What is an ethical traveller? In my last blog I posed a series of questions and dilemmas I had encountered during my recent trip to Myanmar. Here are some thoughts on how one might be an ethical traveller. To me, being this means aspiring to travel in both a social and environmentally responsible manner.
Tourists, both through in their travel to destinations and their activities at these places are leaving a dent on the environment. According to a recent study, tourism accounts for 8% of global carbon emissions. Tourists often demand luxuries like internet, hot water, even electricity and special food and drink, which are not always readily available or affordable to local people. This can put pressures on local infrastructure, energy and water supplies and adversely impact nature in the region or country. Conversely, it may encourage infrastructure spending which could also benefit local people. Many tourists areas have become/are becoming polluted as tourists hurriedly dash from photo opportunity to the next exotic experience, oblivious of the trail of land, air or water pollution in their wake. In Thailand, Koh Phi Phi Leh Island recently closed in an attempt to allow the marine ecosystem to recover.
Carbon emissions can be difficult to completely eliminate from international travel, (especially if you are from an isolated island such as New Zealand!) but utilising land transport can help minimise your carbon footprint. Travelling more slowly can also provide more interesting travel experiences: I took several overnight buses as well as a full day boat trip on the Ayeyawady River (Irawaddy River) during my Myanmar trip, weaving through rural villages and past riverside farming and fishing communities, which was fascinating and insightful. Despite my concern about climate change, huge distances and my depleted emotional capacity for night buses caused me to take a couple of flights between Thailand and Myanmar. This not ideal, but perhaps I am a hypocritical environmentalist?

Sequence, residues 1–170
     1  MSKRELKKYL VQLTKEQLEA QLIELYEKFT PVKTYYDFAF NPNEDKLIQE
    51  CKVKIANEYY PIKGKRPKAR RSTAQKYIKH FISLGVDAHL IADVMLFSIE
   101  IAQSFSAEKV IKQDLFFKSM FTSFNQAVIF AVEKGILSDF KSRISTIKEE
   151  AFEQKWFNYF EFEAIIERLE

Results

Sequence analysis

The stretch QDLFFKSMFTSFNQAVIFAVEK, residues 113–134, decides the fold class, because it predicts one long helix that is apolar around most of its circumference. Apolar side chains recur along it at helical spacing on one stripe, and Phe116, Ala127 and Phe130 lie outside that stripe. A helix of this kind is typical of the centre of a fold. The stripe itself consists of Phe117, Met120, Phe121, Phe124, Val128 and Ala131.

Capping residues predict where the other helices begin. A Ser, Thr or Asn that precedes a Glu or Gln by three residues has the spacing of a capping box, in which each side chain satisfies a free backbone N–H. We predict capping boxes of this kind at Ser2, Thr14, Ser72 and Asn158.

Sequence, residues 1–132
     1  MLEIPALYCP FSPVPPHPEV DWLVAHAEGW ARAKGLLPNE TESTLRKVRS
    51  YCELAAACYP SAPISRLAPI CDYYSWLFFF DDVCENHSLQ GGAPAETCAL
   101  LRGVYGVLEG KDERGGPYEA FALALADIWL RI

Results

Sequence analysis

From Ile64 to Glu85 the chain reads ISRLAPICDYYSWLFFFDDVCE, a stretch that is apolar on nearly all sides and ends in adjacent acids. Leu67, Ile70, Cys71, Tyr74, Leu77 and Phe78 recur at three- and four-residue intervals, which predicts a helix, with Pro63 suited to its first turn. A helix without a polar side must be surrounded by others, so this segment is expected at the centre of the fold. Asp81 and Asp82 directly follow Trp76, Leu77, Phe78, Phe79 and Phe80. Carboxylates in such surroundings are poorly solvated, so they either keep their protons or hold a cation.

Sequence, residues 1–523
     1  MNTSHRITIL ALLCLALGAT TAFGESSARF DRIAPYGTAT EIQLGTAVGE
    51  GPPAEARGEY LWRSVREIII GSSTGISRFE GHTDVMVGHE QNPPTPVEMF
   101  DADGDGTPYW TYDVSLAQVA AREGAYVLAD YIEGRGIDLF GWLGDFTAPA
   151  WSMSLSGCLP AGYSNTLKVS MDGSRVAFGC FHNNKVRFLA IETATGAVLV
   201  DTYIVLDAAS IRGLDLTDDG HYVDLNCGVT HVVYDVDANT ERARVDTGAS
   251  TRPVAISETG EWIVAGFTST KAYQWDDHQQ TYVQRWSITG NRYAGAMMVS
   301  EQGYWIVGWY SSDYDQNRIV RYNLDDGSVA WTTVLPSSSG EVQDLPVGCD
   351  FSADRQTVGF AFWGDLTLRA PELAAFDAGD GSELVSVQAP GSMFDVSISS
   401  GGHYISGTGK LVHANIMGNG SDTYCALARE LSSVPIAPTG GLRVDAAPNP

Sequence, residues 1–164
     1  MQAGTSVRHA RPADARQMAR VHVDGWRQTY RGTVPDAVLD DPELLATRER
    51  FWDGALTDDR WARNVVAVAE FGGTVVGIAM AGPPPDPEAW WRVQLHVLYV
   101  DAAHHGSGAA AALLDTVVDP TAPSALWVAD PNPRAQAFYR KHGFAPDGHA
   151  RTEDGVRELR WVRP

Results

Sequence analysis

And then there’s plastic. In many countries, clean drinking water is not available from taps, resulting in copious numbers of plastic water bottles being bought, drank and hastily discarded. In Myanmar, local people often fill their cups from large drinking water vessels, but most places I stayed at provided complimentary plastic bottles of water. I carried my own reusable metal (and insulated) bottle and many places were only too happy to refill my bottle from these, reducing my plastic footprint. Concern for plastic should also be applied to all pollution – we should aim to leave places as we’ve found them rather than littering them with toilet paper, cigarette butts or food wrappers (a common site in busy tourist areas).
Many hotels offer advice for reducing environmental impact, like Mr Charles Hotel in Hsipaw, who suggested minimising using the air-conditioning and the frequency that towels are cleaned to reduce energy and water use. In this digital age, I think it’s really important to give positive (and negative) feedback to accommodation and other tourist providers about environmental performance where due. This could help forge change within the tourism industry. Eating local, seasonal food where possible is also a great way to support local farmers and producers and reduce food miles. Shopping at markets can also be a fun interactive experience, as can trying new foods.
I’ve only skimmed the surface of how one might reduce their environmental impact while travelling, thus helping to become an ethical traveller. Part 2 of this blog will build on this, considering how tourists can be socially responsible travellers.